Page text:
Sunday, November 13, 2011

JoePa, Penn State, and (Dare I Say It) the Need for Moral Legislation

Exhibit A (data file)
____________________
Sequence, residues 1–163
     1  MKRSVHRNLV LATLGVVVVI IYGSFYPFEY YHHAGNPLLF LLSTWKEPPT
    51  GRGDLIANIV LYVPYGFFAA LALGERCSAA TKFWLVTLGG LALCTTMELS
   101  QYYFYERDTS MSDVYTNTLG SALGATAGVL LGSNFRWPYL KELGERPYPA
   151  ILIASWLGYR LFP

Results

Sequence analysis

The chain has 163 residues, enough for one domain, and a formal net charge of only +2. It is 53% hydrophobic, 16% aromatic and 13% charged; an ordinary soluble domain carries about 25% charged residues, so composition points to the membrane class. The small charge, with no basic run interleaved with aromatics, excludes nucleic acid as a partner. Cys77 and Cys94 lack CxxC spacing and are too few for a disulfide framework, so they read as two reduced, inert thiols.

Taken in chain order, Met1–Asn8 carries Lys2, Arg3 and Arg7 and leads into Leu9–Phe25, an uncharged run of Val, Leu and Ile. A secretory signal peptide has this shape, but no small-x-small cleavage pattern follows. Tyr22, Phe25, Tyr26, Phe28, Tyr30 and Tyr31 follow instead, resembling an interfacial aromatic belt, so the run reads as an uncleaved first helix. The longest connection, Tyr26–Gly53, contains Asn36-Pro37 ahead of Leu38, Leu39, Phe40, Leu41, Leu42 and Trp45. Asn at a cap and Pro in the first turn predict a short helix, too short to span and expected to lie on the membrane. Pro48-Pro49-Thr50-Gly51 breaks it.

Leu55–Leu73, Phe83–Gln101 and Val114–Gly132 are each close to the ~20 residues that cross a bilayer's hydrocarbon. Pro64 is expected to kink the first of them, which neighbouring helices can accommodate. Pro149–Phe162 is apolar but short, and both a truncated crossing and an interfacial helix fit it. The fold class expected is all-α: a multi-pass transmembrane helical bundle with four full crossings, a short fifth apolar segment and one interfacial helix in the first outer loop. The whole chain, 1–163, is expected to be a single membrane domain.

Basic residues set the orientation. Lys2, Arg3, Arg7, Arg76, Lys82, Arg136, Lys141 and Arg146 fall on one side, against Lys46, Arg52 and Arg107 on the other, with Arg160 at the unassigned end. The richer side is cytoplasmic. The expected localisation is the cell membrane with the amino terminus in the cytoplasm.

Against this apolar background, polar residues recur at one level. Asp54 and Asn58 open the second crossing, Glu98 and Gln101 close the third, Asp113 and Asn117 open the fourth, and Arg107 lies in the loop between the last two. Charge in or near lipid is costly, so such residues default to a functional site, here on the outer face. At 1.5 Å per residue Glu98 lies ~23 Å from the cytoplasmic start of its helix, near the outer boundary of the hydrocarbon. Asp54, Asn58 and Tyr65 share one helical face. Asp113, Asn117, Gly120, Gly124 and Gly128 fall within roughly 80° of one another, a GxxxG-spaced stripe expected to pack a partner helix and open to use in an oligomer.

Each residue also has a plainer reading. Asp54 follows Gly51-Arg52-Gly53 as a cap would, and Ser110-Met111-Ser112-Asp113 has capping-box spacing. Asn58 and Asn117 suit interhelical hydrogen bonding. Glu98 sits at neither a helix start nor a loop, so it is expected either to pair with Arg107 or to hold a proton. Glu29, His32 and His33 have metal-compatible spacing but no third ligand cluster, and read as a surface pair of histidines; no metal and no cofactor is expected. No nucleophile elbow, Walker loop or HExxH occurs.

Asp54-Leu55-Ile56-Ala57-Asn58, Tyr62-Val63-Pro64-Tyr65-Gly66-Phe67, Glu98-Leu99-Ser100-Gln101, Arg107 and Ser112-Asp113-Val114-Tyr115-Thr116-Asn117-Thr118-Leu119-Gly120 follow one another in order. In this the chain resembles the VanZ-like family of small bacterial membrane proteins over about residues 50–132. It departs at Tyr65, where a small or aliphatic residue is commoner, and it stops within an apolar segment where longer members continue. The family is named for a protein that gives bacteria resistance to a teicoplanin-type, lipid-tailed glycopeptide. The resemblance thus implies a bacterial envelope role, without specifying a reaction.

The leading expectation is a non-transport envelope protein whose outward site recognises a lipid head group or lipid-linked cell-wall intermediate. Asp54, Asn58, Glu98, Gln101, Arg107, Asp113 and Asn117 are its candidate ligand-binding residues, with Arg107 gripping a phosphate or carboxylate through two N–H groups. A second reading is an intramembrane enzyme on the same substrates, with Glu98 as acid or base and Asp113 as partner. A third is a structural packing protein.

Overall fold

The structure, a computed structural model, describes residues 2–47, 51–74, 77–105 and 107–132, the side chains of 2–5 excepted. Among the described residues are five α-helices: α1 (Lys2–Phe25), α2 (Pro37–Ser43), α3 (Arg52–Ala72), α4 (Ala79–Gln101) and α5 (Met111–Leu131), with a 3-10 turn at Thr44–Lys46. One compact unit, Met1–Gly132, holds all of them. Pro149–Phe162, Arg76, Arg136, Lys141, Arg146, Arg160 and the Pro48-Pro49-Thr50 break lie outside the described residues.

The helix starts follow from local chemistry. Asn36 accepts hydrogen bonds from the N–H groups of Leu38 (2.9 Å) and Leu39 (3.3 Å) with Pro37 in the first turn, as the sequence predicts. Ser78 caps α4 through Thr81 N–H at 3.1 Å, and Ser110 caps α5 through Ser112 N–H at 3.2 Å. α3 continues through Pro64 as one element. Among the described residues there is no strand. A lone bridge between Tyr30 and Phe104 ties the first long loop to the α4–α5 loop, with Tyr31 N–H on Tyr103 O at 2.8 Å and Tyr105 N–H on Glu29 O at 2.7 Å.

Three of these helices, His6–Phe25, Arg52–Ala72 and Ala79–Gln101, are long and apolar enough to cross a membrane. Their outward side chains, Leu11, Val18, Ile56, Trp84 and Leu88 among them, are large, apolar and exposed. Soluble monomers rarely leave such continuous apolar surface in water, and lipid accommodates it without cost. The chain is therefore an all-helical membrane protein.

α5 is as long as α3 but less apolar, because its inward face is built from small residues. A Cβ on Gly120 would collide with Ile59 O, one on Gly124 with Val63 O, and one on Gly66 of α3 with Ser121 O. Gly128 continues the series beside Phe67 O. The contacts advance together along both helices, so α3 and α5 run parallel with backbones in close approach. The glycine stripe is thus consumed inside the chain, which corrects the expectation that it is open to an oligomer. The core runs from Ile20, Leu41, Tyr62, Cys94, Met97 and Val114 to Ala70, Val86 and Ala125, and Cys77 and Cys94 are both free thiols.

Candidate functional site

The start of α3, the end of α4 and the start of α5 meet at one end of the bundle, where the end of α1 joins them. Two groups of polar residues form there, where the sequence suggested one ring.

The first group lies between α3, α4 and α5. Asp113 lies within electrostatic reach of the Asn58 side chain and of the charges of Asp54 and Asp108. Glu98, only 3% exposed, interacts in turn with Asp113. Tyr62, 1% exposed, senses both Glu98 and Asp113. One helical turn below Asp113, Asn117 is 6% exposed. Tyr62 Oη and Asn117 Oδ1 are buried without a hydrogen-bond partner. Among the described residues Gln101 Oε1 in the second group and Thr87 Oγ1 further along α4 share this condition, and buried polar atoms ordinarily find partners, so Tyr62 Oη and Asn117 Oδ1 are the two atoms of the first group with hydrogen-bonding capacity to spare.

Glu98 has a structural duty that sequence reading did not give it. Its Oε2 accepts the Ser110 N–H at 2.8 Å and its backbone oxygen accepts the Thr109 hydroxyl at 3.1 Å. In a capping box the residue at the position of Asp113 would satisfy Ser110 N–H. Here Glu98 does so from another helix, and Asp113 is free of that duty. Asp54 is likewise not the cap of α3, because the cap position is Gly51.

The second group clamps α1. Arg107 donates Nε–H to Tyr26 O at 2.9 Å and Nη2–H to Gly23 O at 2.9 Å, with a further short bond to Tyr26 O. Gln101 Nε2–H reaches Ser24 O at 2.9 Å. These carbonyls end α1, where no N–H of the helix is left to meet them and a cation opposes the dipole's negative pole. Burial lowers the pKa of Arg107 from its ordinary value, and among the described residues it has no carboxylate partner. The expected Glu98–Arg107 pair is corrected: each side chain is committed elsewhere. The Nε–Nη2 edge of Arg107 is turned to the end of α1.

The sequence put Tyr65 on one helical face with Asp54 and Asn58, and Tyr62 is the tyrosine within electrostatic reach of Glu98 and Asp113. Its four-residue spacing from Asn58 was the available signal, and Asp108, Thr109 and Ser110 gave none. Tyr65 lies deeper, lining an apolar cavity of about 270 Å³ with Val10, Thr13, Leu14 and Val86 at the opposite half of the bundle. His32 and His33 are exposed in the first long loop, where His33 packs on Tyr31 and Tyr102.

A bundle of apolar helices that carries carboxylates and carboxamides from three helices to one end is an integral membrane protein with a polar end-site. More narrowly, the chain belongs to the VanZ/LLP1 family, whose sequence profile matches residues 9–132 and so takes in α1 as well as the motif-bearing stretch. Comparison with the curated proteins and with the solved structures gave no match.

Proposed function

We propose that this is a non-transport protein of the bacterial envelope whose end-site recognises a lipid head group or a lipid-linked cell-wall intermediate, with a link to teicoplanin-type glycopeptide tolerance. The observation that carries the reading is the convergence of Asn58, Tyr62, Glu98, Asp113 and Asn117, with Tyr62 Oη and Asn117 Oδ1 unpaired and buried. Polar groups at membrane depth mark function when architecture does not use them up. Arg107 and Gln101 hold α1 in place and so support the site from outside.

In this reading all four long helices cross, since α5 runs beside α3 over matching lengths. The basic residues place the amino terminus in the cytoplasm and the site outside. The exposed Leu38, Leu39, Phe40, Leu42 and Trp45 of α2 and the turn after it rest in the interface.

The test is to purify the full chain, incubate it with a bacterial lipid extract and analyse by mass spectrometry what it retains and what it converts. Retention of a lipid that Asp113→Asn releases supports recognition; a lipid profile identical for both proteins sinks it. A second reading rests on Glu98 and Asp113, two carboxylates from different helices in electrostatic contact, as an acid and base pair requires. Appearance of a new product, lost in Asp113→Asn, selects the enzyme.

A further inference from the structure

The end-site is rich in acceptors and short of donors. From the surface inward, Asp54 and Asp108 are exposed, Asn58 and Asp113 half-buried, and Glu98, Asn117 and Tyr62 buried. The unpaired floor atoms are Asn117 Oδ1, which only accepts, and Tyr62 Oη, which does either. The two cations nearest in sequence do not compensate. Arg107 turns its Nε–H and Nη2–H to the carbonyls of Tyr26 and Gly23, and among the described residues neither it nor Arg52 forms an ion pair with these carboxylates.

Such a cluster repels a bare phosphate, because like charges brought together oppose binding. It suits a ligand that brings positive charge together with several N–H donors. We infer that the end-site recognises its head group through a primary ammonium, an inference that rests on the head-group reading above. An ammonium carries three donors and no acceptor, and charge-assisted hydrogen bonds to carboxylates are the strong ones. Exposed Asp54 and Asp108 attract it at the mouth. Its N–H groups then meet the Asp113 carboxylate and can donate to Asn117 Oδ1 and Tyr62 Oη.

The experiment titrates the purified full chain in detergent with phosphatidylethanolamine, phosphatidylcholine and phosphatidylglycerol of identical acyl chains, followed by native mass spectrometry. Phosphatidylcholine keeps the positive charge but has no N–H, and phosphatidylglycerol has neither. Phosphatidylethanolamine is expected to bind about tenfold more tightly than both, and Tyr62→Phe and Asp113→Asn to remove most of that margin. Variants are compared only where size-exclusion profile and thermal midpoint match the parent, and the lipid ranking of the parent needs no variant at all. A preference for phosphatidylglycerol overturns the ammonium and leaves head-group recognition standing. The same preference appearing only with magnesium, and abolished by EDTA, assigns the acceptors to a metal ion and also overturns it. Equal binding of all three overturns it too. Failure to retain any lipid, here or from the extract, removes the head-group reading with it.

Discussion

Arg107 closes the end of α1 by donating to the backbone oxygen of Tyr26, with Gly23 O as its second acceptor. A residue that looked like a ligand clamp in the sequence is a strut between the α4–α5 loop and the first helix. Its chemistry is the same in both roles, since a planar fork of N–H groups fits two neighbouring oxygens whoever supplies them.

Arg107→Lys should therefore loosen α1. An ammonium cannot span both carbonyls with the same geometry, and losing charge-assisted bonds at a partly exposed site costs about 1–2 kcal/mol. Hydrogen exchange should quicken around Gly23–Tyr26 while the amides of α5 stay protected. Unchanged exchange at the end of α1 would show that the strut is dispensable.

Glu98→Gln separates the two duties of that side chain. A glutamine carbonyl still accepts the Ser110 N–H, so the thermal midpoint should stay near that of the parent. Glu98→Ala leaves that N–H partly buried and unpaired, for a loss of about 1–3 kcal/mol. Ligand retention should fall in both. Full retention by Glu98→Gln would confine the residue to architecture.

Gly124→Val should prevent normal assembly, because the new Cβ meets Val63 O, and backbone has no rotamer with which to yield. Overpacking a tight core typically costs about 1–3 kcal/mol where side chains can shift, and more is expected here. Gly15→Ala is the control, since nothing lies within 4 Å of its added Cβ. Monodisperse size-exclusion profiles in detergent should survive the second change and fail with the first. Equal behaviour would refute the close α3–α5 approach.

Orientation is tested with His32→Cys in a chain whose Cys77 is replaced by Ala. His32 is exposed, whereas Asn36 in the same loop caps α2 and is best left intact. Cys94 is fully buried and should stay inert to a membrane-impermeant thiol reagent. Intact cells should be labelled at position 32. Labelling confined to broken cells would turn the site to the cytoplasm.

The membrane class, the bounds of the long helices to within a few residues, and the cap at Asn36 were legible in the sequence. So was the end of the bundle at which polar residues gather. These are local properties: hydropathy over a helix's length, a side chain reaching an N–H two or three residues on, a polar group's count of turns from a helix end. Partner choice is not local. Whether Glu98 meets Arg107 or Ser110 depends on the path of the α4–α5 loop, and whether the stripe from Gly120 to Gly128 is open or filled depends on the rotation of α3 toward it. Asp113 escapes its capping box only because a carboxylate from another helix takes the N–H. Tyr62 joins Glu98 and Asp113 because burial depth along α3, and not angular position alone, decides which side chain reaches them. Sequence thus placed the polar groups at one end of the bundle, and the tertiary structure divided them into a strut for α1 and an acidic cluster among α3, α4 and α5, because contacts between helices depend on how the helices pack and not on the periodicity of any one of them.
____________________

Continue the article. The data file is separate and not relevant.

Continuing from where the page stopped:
As the events involving the Jerry Sandusky/sexual abuse scandal continue to unfold at Penn State, I am struck by how these victims have been failed by both the adults in this situation and the legal system.  I am troubled by the fact that all Pennsylvania law required of Joe Paterno and the other coaches is to report the abuse to the head of the department and not to the police.  Pennsylvania’s Code § 3490.4 requires teachers and school administrators at public institutions to report child abuse, either to a superior or the authorities.  Joe Paterno was the most powerful man at Penn State so the requirement that he report the abuse to a superior didn't amount to much.  Although many in the media have focused on how these coaches failed in their moral obligation to report the abuse because they didn't go to the authorities, I am more troubled by the fact that there is a credible argument that, consistent with Section 3490.4, they were not required to go to the authorities.  I think Section 3490.4 reflects a larger issue --- the inconsistency with which the law approaches moral issues.  Perhaps the underlying basis of the law is that teachers and school administrators should not be required to go straight to the authorities because they will likely feel morally compelled to do so anyway.  For this reason, it is enough that, by law, they have to report the abuse to someone.  Yet this reporting requirement fell short in this situation, where you have a football program that brings in $70 million dollars a year, a powerful coach, and a group of low income, predominantly minority youth alleging sexual abuse.